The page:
Conflict, what conflict?: Evidence that playing down ‘conflict’ can be a weapon of choice for high‐status groups
Andrew Livingstone, Joseph Sweetman & Alexander Haslam
European Journal of Social Psychology, forthcoming


Three studies using pre‐existing (Studies 1 and 3) and minimal (Study 2) groups tested the hypothesis that ingroup status shapes whether ‘conflict’ with an outgroup is strategically acknowledged or downplayed. As predicted, high (vs. low) ingroup status led group members to downplay conflict, but only to an outgroup rather than ingroup audience (Studies 1 & 2; Ns = 127 & 292), and only when the status difference was unstable (vs. stable) and the outgroup’s action was perceived as illegitimate (Study 2). High‐status group members also collectively communicated with the outgroup in a manner designed to defuse conflict (Study 2). Survey data of industrial (manager‐worker) relations further indicated that company managers (high‐status) characterized manager-worker relations as less conflictual than did workers (low‐status) in the same companies (Study 3; N = 24,661). Findings imply that high‐status groups play down conflict as a ‘benevolent’ (but unacknowledged) means of maintaining intergroup status hierarchies.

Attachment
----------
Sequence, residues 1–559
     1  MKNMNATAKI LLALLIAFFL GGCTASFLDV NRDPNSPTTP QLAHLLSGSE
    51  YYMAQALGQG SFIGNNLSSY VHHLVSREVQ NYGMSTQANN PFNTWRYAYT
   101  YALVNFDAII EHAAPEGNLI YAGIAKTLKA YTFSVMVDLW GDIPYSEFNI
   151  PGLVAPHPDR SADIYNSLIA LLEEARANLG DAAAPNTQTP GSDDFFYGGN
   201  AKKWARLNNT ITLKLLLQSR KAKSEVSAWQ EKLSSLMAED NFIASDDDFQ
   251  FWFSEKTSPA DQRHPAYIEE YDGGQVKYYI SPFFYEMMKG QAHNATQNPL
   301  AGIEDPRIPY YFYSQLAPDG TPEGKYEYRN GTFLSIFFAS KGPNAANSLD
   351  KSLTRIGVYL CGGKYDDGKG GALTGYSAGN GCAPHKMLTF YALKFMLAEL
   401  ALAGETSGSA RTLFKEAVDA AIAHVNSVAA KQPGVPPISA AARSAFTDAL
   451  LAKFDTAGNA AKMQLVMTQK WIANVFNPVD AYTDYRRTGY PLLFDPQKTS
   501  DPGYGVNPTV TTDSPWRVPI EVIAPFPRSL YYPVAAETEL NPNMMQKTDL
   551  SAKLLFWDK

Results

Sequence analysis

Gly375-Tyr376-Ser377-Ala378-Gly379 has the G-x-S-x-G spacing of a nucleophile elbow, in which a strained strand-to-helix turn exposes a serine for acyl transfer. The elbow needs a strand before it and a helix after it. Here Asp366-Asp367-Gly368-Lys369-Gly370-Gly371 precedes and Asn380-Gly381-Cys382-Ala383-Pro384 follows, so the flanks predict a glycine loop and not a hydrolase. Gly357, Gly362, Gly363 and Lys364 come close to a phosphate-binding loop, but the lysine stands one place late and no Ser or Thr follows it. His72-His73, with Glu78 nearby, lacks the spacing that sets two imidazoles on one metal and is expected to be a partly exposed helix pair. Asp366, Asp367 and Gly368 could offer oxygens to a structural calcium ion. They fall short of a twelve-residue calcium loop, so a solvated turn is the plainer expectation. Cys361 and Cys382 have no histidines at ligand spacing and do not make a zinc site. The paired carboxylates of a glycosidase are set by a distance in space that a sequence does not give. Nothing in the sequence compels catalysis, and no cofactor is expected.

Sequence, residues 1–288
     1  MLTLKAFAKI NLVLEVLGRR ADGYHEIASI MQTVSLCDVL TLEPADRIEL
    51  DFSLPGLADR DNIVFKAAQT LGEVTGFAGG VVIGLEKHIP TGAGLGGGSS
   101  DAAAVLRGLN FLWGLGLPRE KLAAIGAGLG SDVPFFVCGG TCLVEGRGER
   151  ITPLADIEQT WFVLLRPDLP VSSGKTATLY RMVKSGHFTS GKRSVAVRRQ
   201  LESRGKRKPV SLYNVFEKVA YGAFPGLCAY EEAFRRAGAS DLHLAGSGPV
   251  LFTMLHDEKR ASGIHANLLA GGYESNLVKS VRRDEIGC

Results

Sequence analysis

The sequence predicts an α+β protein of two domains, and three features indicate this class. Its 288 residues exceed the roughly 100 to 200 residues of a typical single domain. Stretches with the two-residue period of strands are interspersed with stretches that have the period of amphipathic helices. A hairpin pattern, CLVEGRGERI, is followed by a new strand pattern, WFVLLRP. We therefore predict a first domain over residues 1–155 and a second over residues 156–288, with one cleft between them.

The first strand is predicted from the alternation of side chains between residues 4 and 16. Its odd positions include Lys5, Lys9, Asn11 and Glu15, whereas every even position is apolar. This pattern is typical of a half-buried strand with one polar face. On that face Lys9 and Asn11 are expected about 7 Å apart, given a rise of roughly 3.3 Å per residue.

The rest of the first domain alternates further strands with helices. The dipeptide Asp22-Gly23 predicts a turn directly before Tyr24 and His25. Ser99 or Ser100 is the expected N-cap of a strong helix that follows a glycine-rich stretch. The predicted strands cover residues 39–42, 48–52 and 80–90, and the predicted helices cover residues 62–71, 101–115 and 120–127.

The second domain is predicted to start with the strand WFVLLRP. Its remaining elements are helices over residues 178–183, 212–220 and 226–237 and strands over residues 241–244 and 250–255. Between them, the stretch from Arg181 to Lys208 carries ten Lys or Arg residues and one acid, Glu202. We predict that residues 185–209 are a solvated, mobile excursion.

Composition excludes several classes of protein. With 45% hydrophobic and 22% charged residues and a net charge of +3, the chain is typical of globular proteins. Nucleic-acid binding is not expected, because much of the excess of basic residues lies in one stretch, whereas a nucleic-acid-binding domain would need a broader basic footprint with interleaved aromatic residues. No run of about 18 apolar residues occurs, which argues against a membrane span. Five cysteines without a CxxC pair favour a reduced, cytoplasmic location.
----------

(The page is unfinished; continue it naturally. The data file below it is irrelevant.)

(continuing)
Neurobiological origins of individual differences in mathematical ability
Michael Skeide et al.
PLoS ONE, October 2020